As the average vertebral inclination of the female spine is significantly greater than the male spine during growth spurts, initiation and progression of adolescent idiopathic scoliosis are more prevalent in female individuals around the time of puberty. Detailed analysis of the scoliotic spine morphology is essential for determining which type of corrective surgery is indicated to restore the sagittal alignment. There are many uncertain points in the handling of this challenging 3D deformity of spine and treatment often depends on a patient’s etiology, curve pattern, maturity and comorbidities, among other factors.

Vienna banner

Early-onset scoliosis (EOS) is a potentially life-threatening condition with onset before 5 years of age, requiring rapid medical care to prevent severe deformity and pulmonary compromise. To achieve curve correction, conservative options, such as braces or serial casting that is applied to the trunk and periodically changed should be the initial choice treatment whenever possible to avoid or delay surgery until the patient is older.

Growing rod constructs are usually used for severe curves or for deformities that do not respond to nonoperative treatment. Vertebral body tethering (VBT) is a minimally invasive procedure which corrects scoliosis at the time of surgery by anchoring vertebral body screws to the front of each vertebral body, attaching a flexible cord (tether) to them and tensioning the whole structure to achieve the desired degree of spine straightening. In young children with a growing spine, the biggest advantage of such a technique is the preservation of mobility to some extent and providing a faster return to normal lifestyle and necessitating less restriction on postoperative activities. Noninvasive serial casting and growing rod techniques will be compared and anterior VBT will be discussed for a thorough review, in particular, as unknown long-term results and major discrepancies regarding complication rates and adverse effects are reported in literature.

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Diverse Approaches To Scoliosis In Young Children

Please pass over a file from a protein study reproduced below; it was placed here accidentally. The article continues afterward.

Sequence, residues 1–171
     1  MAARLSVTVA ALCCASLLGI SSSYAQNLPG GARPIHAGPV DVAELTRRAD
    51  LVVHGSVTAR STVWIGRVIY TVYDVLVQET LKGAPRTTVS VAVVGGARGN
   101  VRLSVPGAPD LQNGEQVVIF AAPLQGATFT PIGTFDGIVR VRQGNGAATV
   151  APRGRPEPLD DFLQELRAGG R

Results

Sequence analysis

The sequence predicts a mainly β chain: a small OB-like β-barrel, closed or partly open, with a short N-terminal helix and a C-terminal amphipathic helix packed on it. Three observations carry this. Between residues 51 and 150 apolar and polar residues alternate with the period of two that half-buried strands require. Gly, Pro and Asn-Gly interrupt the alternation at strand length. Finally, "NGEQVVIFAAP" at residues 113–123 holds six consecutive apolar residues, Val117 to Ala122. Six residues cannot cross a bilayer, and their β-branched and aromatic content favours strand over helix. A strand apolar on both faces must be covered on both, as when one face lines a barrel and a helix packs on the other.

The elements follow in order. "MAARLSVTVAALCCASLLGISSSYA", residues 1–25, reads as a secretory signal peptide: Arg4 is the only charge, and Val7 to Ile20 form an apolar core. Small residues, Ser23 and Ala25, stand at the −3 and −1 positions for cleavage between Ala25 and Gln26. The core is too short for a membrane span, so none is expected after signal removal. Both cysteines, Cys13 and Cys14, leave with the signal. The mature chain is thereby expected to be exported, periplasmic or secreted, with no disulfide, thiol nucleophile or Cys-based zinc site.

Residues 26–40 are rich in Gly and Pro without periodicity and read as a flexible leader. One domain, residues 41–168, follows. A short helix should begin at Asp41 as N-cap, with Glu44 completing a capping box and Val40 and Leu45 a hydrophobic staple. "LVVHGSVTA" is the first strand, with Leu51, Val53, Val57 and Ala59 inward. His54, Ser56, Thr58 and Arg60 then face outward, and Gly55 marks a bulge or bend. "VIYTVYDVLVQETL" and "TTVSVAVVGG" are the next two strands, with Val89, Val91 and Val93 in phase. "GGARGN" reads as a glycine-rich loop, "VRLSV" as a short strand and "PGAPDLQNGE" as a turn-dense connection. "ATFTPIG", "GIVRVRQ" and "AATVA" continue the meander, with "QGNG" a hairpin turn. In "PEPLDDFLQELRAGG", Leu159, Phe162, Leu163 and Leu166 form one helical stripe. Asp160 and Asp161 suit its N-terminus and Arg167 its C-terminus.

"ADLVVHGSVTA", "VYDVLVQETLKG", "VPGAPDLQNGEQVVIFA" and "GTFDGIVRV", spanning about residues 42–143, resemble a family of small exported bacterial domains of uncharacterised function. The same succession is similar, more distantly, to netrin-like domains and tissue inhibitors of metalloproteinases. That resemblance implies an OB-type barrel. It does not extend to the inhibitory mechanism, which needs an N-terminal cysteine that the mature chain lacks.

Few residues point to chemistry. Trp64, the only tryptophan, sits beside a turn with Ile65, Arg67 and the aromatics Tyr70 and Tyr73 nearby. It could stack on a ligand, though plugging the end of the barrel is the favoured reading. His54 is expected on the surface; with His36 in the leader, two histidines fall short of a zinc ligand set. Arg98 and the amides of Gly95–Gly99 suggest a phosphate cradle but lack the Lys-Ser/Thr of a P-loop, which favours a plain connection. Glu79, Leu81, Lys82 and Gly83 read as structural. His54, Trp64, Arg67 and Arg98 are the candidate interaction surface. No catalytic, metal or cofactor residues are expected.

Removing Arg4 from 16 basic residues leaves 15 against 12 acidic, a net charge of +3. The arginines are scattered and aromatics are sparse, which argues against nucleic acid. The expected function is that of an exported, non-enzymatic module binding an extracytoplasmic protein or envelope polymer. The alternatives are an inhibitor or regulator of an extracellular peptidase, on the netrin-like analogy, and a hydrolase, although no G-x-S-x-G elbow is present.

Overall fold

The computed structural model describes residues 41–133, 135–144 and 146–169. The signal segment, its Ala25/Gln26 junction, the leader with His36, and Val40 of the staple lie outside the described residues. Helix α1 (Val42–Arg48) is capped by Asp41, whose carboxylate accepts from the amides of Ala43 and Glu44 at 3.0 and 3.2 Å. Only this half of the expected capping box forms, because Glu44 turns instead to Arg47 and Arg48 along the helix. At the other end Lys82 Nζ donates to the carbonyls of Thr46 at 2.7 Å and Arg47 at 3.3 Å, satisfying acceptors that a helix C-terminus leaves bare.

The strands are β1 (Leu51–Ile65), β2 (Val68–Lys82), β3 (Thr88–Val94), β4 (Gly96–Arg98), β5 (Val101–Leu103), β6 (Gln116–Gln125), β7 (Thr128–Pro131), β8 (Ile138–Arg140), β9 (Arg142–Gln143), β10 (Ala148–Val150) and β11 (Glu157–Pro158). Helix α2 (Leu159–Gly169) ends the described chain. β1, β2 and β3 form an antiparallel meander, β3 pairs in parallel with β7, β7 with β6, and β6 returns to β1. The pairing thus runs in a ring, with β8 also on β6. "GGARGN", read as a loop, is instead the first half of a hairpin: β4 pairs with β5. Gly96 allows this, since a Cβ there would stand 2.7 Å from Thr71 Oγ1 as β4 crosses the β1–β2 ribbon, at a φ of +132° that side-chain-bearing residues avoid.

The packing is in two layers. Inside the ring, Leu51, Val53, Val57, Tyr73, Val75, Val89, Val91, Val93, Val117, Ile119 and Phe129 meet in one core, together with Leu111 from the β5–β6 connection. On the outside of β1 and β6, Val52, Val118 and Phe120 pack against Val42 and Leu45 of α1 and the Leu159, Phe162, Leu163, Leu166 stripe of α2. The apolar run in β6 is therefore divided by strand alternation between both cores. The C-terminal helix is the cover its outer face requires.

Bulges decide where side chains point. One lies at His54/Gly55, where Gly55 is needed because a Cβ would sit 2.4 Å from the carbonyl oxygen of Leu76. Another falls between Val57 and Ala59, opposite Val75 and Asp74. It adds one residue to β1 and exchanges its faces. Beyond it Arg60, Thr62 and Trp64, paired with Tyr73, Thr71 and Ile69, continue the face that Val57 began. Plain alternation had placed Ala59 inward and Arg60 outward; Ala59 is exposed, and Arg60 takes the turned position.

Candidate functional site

Thursday 11 June 2020 from 15:00 to 16:30 – Auditorium Nice
Orthopaedics - Spine
Moderation: Alpaslan Senköylü (Turkey)

Early onset scoliosis (EOS): Case presentation

  • I would go for cast | Rolf Bjarne Riise (Norway)
  • I would go for growing rod | Alpaslan Senköylü (Turkey)

Juvenile idiopathic scoliosis: Case presentation

  • I would go for vertebral body tethering (VBT) | Ilkka Helenius (Finland)
  • I would not go for vertebral body tethering (VBT) | Emre Acaroglu (Turkey)

Analysis of the advantages and disadvantages of conservative treatment and minimally invasive surgical techniques will involve participants in the discussion and give them a glimpse of the many possibilities for spine deformity treatment in children. Interestingly, orthopaedic innovation keeps expanding and might play a role in the practitioner’s behavior and practice, as new techniques arise to challenge classic approaches. For instance, more often spine deformity surgeons agree that pedicle screws should be inserted under navigation guidance because, statistically speaking, computer-assisted spine surgeries are safer. Unfortunately, complete avoidance of complications is not possible, even with the most sophisticated guidance system. This highlights the limitations of novel techniques and keeping conservative approaches on the table, especially for extremely young patients.

The symposium entitled, “Diverse Approaches to Scoliosis in Young Children” is part of the core scientific program of the 21st EFORT Congress and is open to fully registered attendees. All details to sign-up are available on the registration platform. Visit the 2020 congress website to learn more.